Collection law firm Linebarger Goggan Blair & Sampson will pay $3.4 million to settle accusations it practiced law in California without having any lawyers in the state, according to a settlement approved by a federal judge. The settlement includes more than $900,000 in attorney fees and expenses.
The settlement ends litigation dating to May 2013, when plaintiff 4EC Holdings sued Linebarger, a firm that contracts with governmental agencies to collect debts. 4EC alleged that Linebarger illegally - under California law - sent debt collection demand letters to California residents. Linebarger denied the allegations.T
The class-action lawsuit was filed by a company that paid $90 to the city of San Francisco after receiving two demand letters from the law firm. According to the amended complaint, Linebarger Goggan had no lawyers in California until September 2013, and that lawyer wasn’t properly supervised.
The judgment and order of dismissal with prejudice said the court found approving the settlement would save time and resources, further the interests of justice and that it was fair, reasonable and adequate for class members. The settlement doesn't show the validity of any of the claims or any wrongdoing by Linebarger, said the judgment.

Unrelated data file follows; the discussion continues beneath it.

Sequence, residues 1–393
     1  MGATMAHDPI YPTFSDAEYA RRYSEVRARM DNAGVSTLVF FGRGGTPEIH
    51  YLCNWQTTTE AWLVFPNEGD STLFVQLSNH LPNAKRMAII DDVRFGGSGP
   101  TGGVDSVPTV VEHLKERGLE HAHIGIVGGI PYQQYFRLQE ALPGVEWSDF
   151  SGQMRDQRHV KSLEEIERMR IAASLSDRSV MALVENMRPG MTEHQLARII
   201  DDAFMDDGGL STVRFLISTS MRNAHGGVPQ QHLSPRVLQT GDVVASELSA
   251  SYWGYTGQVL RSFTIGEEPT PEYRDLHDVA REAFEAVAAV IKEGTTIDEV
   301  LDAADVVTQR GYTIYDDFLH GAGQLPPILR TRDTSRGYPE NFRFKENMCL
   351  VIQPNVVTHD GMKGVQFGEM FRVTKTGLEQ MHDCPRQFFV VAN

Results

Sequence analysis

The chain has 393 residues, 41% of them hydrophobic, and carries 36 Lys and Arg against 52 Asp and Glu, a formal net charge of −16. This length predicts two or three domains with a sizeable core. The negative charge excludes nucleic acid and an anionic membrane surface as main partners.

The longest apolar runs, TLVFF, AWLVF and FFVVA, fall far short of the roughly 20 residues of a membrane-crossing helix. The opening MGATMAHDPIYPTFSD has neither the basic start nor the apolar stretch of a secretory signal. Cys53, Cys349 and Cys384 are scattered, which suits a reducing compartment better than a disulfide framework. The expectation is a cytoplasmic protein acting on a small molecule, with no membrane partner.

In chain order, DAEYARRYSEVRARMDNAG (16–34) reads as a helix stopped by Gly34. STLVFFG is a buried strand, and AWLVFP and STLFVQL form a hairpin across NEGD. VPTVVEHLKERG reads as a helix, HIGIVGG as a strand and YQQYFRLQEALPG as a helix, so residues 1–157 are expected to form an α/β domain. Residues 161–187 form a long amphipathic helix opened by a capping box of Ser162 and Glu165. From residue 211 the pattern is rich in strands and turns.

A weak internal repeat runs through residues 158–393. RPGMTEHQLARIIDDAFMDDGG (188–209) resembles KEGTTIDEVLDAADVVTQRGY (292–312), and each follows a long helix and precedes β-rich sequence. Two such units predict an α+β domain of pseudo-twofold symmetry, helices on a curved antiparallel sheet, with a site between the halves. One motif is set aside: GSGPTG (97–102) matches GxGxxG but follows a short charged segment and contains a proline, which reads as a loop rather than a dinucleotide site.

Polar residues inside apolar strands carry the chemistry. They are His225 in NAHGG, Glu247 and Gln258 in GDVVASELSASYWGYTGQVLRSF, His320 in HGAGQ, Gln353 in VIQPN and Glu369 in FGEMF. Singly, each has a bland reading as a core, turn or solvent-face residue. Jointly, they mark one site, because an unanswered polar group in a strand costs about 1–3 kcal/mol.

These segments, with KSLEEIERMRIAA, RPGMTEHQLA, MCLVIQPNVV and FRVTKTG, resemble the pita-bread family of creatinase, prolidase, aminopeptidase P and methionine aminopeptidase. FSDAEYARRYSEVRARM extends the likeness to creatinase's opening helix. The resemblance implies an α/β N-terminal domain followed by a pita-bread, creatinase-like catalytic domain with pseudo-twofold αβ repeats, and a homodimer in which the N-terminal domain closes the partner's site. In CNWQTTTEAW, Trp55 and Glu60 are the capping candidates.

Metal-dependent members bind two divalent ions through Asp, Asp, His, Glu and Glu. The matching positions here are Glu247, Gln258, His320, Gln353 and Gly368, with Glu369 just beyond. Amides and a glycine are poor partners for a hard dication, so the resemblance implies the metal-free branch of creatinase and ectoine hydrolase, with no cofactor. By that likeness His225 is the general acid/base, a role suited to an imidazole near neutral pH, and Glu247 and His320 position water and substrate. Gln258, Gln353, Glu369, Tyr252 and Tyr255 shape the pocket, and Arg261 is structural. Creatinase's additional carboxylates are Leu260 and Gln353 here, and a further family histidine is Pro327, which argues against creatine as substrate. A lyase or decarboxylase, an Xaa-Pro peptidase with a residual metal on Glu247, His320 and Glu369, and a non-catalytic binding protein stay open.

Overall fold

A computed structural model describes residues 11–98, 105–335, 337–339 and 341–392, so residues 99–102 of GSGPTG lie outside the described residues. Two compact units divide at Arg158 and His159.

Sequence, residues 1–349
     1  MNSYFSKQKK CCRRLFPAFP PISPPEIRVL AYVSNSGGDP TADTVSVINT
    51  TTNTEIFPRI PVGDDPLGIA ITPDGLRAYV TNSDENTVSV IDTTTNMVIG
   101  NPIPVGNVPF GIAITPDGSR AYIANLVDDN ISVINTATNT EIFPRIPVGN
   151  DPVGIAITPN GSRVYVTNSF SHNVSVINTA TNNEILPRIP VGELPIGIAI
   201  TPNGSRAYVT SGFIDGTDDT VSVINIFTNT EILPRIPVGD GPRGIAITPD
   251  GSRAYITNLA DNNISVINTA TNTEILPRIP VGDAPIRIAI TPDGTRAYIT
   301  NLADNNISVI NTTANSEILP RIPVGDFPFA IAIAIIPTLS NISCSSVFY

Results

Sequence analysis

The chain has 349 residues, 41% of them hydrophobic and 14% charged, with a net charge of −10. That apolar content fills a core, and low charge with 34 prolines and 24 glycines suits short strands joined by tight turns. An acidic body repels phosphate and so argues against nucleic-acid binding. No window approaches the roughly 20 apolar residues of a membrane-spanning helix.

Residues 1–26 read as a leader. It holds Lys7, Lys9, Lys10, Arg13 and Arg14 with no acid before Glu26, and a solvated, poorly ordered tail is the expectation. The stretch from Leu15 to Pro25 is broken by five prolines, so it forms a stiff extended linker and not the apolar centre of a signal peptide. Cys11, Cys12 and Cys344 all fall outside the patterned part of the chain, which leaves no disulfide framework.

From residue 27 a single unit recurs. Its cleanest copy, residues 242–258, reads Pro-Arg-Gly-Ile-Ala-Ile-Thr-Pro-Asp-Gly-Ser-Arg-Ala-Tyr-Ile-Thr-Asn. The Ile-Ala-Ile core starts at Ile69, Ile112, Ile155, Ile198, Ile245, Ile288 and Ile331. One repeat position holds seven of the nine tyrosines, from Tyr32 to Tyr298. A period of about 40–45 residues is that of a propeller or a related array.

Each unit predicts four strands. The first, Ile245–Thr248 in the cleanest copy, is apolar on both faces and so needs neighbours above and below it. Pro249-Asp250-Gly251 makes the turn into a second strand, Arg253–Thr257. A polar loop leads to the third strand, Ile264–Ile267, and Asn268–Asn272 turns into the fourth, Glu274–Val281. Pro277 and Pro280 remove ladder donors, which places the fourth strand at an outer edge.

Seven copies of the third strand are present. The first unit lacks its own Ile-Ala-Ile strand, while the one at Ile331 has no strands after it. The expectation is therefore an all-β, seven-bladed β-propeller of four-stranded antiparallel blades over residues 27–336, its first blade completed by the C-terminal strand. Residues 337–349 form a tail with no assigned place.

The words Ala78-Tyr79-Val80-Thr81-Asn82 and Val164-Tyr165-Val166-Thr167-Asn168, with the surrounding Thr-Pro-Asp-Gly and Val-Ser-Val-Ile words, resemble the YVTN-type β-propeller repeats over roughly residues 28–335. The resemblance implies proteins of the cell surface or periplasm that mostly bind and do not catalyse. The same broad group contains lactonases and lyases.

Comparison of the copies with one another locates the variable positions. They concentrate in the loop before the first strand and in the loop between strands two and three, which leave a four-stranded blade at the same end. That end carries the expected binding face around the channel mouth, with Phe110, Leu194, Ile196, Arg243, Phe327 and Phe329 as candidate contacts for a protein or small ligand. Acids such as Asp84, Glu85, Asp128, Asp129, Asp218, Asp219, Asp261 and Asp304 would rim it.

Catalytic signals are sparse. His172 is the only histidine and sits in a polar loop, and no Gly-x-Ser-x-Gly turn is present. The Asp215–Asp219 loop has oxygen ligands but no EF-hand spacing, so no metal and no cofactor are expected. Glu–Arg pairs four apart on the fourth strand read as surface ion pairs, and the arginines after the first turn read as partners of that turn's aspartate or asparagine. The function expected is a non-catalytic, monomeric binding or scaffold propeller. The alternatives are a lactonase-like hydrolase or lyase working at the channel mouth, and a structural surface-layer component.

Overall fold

The court also awarded $850,000 in attorney fees and almost $53,600 in costs to 4EC. Class action notices were mailed to 82,906 class members, said a motion for court approval of the settlement in 4EC Holdings v. Linebarger Goggan Blair & Sampson, filed in the U.S. District Court for the Northern District of California in San Francisco. Under the settlement, Linebarger deposited $3.4 million into a settlement fund, which includes $2 million in automatic payments to class members. The motion said that Linebarger agreed going forward to use California lawyers and supervise them in sending letters.Linebarger’s attorneys Vinson & Elkins argued that the court should dismiss the lawsuit, alleging that 4EC lacked standing to bring the claims. The motion stated that Linebarger's purported misconduct didn't cause any injury because even if 4EC didn't get a demand letter it still owed the money. Among other things, the firm alleged that any claims for debts paid before May 2009 would be time-barred. The motion added that it's incorrect to say that sending a debt collection letter is the practice of law.